They actually have some drawbacks, for example, are also in excess enjoyed acidifying and proinflammatory - especially strong arachidonic acid-containing meat and poultry such as pork, duck, veal, turkey.

However, animal proteins also have an advantage over vegetable proteins because they offer us the better so-called "biological value".

This means that the amino acid profile of meat is more in line with human needs than that of plants. It is also logical: plants make leaves from proteins, animals form muscles like humans, and so on.

My general recommendation is, therefore: if any animal proteins, then rarely and in the best possible quality. Fries fish, a Sunday roast and sometimes an egg voluntarily laid by the chicken makes sense.

The ethical question of whether meat, especially from factory farming, is a product that you want to buy, everyone should ask themselves and answer.

Many complain that high-yielding fruits and vegetables are no longer enough to meet our nutritional needs. Is that really a problem?

I think so. Vegetables and fruits are grown for size and color to make them look better and shine. In the process, minerals, vitamins and, in particular, bitter substances that do not match our taste but are important for your health are left behind.

In addition, conventional products are often derived from increasingly low-mineral, pesticidally and herbicidally contaminated and over-fertilized soils. In this respect, healthy food is more and more an elitist matter, because not everyone can or wants to afford vegetables from biodynamic cultivation.

What typical problems do you often encounter in practice in modern city dwellers?

How much time do we have?

Apparently not enough ...

Well, then I'll briefly and concisely two more tips go: One should be careful to have a rich vitamin D level and possibly a ratio of omega-6 to omega-3 fatty acids of 3 to 1 or slightly less ,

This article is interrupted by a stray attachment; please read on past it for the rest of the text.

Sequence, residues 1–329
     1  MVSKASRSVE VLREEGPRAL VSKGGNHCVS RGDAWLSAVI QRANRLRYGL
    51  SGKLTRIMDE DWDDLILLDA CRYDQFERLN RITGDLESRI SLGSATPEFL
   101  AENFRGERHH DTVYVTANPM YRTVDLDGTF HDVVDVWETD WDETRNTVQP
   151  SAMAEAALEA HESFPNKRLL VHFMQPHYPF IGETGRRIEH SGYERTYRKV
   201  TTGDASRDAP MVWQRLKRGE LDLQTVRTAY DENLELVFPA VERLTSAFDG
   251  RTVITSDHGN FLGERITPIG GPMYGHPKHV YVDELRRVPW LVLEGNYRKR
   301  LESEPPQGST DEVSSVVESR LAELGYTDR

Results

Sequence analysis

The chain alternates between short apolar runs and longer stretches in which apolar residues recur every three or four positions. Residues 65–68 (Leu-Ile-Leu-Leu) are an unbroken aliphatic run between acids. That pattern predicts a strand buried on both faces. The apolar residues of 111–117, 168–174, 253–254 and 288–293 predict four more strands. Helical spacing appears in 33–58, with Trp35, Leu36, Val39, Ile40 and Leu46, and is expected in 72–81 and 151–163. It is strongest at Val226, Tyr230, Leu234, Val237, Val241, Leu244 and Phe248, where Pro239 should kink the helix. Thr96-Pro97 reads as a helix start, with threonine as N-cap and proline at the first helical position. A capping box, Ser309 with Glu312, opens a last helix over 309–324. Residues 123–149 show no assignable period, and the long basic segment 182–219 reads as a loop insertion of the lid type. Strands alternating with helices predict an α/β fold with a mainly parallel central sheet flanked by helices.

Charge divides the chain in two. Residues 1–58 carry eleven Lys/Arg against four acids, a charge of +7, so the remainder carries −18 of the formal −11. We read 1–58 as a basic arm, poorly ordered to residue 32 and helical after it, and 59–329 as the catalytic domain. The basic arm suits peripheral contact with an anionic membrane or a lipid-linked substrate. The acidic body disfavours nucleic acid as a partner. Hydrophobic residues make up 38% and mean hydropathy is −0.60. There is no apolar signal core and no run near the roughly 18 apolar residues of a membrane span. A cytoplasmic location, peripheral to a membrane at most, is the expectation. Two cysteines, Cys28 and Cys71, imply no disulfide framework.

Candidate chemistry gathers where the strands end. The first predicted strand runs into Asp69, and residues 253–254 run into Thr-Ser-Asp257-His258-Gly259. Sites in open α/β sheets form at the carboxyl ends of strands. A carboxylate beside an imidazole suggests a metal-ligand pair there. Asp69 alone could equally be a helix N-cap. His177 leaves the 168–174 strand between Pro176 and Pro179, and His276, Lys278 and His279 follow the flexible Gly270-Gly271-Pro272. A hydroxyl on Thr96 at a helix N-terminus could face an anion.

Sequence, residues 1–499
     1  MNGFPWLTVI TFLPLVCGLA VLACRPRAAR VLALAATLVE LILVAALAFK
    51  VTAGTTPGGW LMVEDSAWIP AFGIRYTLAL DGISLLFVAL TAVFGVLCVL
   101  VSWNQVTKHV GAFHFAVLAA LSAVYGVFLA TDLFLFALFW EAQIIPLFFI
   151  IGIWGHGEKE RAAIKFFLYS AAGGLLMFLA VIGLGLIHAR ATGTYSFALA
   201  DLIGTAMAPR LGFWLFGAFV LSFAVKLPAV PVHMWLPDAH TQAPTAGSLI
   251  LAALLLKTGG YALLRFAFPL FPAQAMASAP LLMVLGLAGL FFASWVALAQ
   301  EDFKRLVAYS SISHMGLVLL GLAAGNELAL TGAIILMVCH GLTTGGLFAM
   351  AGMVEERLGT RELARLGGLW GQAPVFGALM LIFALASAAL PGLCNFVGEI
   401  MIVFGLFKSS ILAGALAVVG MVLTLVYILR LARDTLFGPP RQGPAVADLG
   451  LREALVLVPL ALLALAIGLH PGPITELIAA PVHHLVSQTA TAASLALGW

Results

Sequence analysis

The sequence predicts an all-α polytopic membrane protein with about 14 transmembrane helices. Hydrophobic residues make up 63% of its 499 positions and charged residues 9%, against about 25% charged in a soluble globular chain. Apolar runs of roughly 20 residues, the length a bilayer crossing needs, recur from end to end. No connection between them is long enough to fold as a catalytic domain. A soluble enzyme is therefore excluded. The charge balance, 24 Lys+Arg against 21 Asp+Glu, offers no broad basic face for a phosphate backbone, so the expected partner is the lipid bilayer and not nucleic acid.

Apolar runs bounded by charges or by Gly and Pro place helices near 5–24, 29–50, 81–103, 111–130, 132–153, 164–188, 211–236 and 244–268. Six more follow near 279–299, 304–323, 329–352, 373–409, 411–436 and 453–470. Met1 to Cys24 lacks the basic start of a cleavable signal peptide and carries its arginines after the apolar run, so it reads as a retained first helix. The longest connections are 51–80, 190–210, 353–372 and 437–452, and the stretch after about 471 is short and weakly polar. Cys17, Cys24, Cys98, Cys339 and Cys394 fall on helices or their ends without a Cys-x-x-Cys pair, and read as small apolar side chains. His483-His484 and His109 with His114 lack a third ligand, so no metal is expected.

The immune system, the inflammation levels, the skin and the nerve-eye-brain-and-heart-health will reward this with a few good, active years more.

To conclude, the question: How ironic must one adhere to nutritional rules in order to stay healthy and fit?

Life is too short for any dogmas. What good is a good body that we wear with a pinched expression through the area?

However, it makes sense to know your own individual nutritional rules well and to understand - and then on suitable occasions, virtuoso, shameless and above all to break with pleasure. Our diet must fit our lives, not the other way around.

I regularly advise my clients to make a conscious decision about what they eat, so they will not feel either renunciation or remorse.

Who wants to change his eating habits lasting, this should try in my experience, not too much with willpower, which will be consumed after a while, but rather with joy to take the gradual changes. This must be an authentic process that does not involve too much at once.

Daniel Aichinger is a trained nutritionist. In his practice in Berlin, he helps people to change their diet gently and sustainably, taking into account their individual living conditions.